Migration from the countryside of Cuba to the nation’s capital, Havana, was extremely sluggish during much of the 1970s. This, along with other factors, contributed to the capital’s low population increase.
Havana’s percentage increase remained low compared to that of other Latin American cities throughout the decade.
The capital’s rate of growth increased over the period 1980-1990 while expansion in other areas of Latin America was beginning to slow during the same period.
Population shifts impacted Havana differentially.
At the municipio level, those areas of the city most affected by population growth were Diez de Octobre, Playa, Centro Havana, Arroyo Naranjo, and Playa. These areas contained more than 50% of all the capital’s inhabitants.
The most densely populated municipios were those located in the center of the city — Centro Havana, Old Havana, Diez de Octobre, Cerro, and Plaza. These areas had density levels as high as 10,000 inhabitants per square kilometer.
The municipios with the lowest density levels were those on the periphery of the city — Guanabacoa, Habana del Este, Cororro, Boyeros, and Arroyo.
After 1970, however, the municipios that made up the urban core of the capital — Old Havana, Centro Havana, Regla, Diez de Octobre, and Cerro — began to grow more slowly as areas on the periphery having more free space began to attract residents.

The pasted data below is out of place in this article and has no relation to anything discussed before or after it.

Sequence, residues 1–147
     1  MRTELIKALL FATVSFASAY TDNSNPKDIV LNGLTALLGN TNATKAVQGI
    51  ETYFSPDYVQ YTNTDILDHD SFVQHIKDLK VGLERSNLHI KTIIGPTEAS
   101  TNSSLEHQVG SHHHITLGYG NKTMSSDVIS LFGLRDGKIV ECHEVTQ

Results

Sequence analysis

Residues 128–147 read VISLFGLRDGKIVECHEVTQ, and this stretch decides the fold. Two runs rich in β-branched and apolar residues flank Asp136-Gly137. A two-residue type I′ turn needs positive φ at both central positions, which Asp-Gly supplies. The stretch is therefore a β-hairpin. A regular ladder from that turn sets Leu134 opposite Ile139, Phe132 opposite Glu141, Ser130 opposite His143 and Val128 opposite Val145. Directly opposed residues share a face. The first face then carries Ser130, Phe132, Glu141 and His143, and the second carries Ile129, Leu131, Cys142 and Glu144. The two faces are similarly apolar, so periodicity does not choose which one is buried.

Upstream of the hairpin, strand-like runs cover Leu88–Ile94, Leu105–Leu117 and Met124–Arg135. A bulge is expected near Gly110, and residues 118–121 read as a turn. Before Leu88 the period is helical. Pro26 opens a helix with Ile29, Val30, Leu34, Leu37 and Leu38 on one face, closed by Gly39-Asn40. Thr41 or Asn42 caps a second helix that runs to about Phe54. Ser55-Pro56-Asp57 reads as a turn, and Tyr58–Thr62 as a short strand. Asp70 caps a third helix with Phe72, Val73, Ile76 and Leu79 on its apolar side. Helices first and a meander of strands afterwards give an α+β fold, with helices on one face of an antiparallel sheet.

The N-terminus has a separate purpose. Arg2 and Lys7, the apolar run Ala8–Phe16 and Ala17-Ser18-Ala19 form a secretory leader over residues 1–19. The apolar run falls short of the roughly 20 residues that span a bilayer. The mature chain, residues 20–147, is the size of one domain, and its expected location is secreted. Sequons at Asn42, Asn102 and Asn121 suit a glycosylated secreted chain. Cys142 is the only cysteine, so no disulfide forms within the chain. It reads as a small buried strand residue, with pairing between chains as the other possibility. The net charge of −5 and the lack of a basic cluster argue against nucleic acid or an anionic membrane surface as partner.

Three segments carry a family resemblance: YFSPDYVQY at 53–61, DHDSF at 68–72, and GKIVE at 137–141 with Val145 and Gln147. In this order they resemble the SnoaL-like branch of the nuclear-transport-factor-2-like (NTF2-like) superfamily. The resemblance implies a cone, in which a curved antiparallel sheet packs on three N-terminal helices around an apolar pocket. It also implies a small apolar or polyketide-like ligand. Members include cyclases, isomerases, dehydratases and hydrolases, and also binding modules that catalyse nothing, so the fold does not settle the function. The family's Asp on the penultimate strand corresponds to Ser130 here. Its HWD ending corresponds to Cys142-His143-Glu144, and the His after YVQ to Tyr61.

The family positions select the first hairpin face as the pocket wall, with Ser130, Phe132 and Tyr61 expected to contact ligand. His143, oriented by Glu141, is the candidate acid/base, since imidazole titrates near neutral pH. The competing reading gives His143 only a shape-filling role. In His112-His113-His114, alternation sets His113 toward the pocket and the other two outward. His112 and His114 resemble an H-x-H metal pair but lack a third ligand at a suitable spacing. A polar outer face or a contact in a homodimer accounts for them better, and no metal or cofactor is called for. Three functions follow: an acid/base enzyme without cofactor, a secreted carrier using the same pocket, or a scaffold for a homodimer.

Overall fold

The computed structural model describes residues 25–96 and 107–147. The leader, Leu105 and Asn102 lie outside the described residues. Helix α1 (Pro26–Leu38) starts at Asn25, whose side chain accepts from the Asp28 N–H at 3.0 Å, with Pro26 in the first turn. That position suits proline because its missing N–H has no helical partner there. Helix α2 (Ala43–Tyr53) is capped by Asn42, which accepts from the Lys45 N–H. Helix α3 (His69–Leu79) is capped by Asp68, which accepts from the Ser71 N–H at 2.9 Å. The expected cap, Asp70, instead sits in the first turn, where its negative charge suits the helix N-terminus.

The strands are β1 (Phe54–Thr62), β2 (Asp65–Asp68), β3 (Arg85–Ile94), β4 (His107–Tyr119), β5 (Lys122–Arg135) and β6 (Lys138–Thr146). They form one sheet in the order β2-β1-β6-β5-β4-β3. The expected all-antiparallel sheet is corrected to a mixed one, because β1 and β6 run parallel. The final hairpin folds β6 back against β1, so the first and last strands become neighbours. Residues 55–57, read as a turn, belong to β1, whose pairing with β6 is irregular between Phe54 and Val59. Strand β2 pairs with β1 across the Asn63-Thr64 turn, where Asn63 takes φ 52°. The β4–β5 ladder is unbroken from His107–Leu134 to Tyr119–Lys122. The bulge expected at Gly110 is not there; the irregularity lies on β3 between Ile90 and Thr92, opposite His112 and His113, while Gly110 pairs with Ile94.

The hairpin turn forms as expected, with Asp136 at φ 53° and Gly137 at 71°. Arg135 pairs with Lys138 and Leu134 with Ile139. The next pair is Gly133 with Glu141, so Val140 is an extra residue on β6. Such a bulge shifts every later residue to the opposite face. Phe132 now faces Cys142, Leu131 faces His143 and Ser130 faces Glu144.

Also, the capital began to reflect the effects of differential migration, with a lower percentage of male residents (91.6 males for every 100 females) than elsewhere in Cuba, and a higher proportion of residents over 60 years of age (14.7% of all residents as compared to 11.7% for the rest of the country). Once again, these factors were both cause and effect of Havana’s lowered fertility rate.
Over much of the period, growth due to in-migration was higher — and in all cases was proportionally greater — than growth due to natural increase. Nevertheless, the proportion of the capital’s growth attributable to in-migration continued to remain low over the course of the 1970s and 1980s, particularly in comparison to pre-1958 levels when Havana was the destination of 45% of the country’s migrants.
Over the entire period 1970-1981, the capital absorbed only 12.9% of the country’s migrants, while Havana absorbed 25.8% of all Cuba’s internal migrants from 1976-1981.
These figures can be compared to other areas of Latin America. For example, Santiago de Chile, Lima, and Caracas received 34.2%, 40%, and 34.2% of their countries migrants respectively during this approximate time frame.
In sum, since in-migration was balanced by emigration and low fertility, Havana exhibited slow growth over the entire period when that capital could be called a Cold War City.